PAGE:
The “wind from God” is commonly equated with what we would call Elohim, the Spirit of God. God was present even in the nothingness, even before the “beginning”. The idea of God speaking Creation into being is powerful. Then God said…so Creation is not an accident, but a purposeful movement by an already present and powerful deity. Here, the light is not the sun. It, obviously had not been created yet in the grand scheme of things. This light is, rather, a creative force that pushed back the darkness. In essence, then, every morning is an act of Creation. And then God evaluates the creative process, proclaiming it good. “Good” does not mean perfect or static or in no need of development. It means that God did what God intended—began the ordering of life.

Well, obviously this is only part of the whole Creation narrative to which we are accustomed to reading. But we get the idea! This is not a God who kicked the whole thing off and then left us to our own devices. Creation is ongoing. This passage is the beginning of that ordering. It continues…through suns and moons, and plants, and animals, and us. God creates times and space and rest for the weary. God continually gives us ways to connect with God—waters that roar, bushes that burn, prophets that proclaim, poets that sing, and sages that pray. And just when we thought we had God all figured out, God comes, not as a king or a leader, but as a helpless child born into poverty in the midst of destruction and social unrest. And over and over and over again, God recreates. It’s not about what happened 4.5 billion years ago or 8,000 years ago, depending on who you believe. It’s about Creation—over and over and over again. It’s about God, Emmanuel, God With Us, speaking us and all that surrounds us into being—over and over and over again. And it is very, very good.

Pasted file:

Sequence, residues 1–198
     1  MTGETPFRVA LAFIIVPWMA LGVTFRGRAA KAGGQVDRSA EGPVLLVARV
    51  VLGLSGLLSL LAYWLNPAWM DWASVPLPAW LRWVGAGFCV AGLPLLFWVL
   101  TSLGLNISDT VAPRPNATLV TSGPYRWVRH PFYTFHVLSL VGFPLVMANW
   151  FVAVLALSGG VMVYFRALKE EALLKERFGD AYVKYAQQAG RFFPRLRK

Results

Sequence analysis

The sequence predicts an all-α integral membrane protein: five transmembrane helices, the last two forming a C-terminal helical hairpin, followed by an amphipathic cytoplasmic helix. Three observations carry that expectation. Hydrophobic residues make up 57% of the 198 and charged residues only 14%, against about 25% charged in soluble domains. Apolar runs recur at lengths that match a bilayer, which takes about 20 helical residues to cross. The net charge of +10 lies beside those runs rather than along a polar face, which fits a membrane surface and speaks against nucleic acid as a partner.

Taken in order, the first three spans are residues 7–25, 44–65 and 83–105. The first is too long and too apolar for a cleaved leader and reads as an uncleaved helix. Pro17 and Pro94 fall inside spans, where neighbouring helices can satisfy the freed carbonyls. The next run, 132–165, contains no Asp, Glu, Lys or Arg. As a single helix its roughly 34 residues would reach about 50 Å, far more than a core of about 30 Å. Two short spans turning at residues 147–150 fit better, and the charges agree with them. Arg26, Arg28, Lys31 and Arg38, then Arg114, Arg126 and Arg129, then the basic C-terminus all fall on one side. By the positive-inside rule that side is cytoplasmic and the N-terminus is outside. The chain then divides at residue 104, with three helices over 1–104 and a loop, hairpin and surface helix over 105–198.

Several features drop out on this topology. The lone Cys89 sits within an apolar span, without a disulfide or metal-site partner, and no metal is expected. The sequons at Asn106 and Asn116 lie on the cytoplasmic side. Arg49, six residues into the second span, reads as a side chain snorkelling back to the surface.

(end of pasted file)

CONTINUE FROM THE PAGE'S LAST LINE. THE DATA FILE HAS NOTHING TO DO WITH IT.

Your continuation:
1. What is your response to this passage?
  2. Are there some new ways of looking at this?